28 Feb Melatonin Has Endocrine Risks For Children
MedicalResearch.com Interview with:
Dave Kennaway, PhD Professor
Lloyd Cox Senior Research Fellow,
Head Circadian Physiology Laboratory
School of Paediatrics and Reproductive Health
Robinson Research Institute,
Faculty of Health Sciences, Medical School,
University of Adelaide Australia
MedicalResearch: What is the background for this review? What are the main findings?
Dr. Kennaway: There is evidence that melatonin is being prescribed to for sleep disorders in children and adolescents who are developing normally despite the fact that there have been no properly designed studies on the effects of prolonged administration to children. In countries where melatonin has been registered, it is for use as a monotherapy for the short term treatment of primary insomnia, characterised by poor quality of sleep in patients who are aged 55 years and over. Use in Paediatrics is always “off-label”. After more than 50 years of melatonin research in animals there is overwhelming evidence that melatonin administration affects many organ systems. These include important effects on the reproductive organs of rodents, cats, ruminants and primates and melatonin is in fact registered as a veterinary drug for this purpose. The effects of melatonin, however, go beyond the potential reproductive consequences, including effects on cardiovascular, immune and metabolic systems. It is clear that many paediatricians, practitioners and parents are unaware of this.
MedicalResearch: What should clinicians and patients take away from your report?
Dr. Kennaway: Clinicians and patients need to recognise that melatonin is a hormone and not a drug developed for a specific purpose or illness. There have been no appropriate trials in children addressing the effects of prolonged administration of melatonin in children. Given the extensive literature on the role of the hormone in normal physiology it is unlikely that such trials would ever be approved. Should endocrine or other abnormalities appear in the future in children previously treated with melatonin it will not be tenable to argue that we were surprised.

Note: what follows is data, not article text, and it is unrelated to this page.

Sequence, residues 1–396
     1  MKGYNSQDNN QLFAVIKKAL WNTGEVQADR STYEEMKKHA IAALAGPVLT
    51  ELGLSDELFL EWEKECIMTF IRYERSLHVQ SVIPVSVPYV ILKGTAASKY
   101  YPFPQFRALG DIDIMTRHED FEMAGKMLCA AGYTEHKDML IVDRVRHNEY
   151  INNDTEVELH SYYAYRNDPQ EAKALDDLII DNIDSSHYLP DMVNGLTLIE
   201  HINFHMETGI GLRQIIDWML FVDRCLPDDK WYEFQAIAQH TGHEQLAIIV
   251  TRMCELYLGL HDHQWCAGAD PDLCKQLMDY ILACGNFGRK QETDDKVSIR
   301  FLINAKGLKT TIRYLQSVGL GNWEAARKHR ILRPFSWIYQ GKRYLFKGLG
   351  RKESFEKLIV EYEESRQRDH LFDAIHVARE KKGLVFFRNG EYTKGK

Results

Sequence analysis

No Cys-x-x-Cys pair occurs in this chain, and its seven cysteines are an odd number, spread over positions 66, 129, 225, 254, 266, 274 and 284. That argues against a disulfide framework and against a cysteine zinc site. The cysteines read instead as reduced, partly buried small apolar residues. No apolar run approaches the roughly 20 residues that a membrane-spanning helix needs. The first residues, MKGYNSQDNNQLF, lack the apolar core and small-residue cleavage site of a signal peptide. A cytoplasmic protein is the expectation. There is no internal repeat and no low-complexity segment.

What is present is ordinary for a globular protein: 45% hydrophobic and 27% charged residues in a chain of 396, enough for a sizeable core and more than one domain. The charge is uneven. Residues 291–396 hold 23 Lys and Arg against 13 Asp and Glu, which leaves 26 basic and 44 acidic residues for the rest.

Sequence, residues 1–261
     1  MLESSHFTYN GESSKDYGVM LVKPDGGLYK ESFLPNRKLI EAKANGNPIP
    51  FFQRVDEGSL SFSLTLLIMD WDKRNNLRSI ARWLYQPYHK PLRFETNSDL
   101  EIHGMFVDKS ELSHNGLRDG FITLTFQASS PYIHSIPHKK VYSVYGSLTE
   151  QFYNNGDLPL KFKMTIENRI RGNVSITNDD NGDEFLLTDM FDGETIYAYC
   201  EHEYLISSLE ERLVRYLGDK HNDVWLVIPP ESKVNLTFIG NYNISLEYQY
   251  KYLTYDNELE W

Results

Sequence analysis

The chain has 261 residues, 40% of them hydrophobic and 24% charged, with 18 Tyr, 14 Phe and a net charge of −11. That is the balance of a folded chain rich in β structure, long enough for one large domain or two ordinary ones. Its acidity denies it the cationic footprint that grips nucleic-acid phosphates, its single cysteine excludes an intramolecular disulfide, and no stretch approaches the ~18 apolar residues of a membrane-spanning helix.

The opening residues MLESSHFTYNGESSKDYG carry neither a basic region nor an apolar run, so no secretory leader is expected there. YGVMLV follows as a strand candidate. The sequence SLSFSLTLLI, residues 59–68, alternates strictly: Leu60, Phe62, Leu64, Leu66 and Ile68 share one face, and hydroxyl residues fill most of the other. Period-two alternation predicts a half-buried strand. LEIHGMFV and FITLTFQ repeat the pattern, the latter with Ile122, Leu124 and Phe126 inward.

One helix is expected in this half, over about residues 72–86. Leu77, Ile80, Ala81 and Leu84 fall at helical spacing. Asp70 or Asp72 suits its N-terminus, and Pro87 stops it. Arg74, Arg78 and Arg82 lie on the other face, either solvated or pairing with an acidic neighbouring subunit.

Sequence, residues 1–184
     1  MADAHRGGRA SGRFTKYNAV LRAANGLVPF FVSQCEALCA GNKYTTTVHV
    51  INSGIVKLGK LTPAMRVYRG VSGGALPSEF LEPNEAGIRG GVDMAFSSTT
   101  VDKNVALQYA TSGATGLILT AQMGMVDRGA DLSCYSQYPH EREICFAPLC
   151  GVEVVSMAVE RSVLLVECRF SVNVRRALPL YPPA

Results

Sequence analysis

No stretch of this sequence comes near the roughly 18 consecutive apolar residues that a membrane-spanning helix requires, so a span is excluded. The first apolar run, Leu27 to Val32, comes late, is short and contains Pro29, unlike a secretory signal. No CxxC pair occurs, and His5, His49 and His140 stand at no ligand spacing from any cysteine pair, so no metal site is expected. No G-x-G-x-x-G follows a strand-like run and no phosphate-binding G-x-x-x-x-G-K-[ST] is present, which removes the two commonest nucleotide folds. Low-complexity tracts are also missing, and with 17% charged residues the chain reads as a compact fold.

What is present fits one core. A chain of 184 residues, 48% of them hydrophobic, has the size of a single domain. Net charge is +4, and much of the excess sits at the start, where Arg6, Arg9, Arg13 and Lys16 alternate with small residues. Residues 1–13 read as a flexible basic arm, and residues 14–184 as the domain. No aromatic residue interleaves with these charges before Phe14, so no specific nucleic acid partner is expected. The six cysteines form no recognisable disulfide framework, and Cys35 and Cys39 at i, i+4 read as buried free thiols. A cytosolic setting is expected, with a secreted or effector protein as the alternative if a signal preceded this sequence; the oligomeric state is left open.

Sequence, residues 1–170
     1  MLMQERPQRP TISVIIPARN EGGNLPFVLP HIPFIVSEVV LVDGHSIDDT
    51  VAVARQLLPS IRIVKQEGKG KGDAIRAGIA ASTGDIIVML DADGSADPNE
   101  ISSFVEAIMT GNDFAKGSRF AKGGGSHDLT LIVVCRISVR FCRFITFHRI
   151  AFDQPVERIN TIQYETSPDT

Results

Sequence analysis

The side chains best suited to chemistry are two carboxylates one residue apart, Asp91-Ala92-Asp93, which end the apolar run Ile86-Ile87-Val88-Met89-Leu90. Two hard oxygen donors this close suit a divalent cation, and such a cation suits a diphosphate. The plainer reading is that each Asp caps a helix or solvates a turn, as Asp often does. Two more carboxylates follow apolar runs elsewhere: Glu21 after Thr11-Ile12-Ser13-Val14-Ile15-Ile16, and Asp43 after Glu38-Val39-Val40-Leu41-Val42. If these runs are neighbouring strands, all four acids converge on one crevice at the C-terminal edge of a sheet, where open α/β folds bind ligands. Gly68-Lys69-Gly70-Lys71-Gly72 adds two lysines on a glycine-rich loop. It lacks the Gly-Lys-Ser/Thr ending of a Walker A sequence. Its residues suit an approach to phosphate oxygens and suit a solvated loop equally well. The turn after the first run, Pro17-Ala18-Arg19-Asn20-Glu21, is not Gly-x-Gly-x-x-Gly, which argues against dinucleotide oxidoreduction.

MedicalResearch: What recommendations do you have for future research as a result of this study?
Dr. Kennaway: Clinicians and parents should not prescribe or self-administer melatonin to children or adolescents without full disclosure of information about the known actions of melatonin on reproductive and other systems in animal models and the disclosure that there is a lack of appropriate studies conducted in children. Then melatonin should be prescribed only after the strict diagnosis of Delayed Sleep Phase Syndrome, based on duration of the sleep onset insomnia, lack of response to sleep hygiene improving measures, realistic age related desired sleep time, sleep onset of more than 30 min on average and normal sleep architecture. Finally, the time of the natural increase in melatonin secretion, termed the Dim Light Melatonin Onset (DLMO) should be determined and compared with normal healthy age matched children. Prescription of melatonin without determining whether there is actually a circadian timing disorder would seem to be inappropriate.
Finally if melatonin is prescribed to children with appropriately diagnosed Delayed Sleep Phase Syndrome, there is little or no reason why treatment should continue beyond 3 or 4 weeks, certainly not for many years as has been reported. If the melatonin, in combination with good sleep hygiene and appropriate light exposure in the evening and morning does not bring about desired changes in onset of sleep, then it should be stopped and further investigations conducted to uncover the reasons for the sleep problem rather than escalating the dose. Concerns about the long-term safety of melatonin in children will become less of an issue.
Potential safety issues in the use of the hormone melatonin in paediatrics
J Paediatr Child Health. 2015 Feb 3. doi: 10.1111/jpc.12840. [Epub ahead of print]
MedicalResearch.com Interview with: Dave Kennaway, PhD Professor (2015). Melatonin Has Endocrine Risks For Children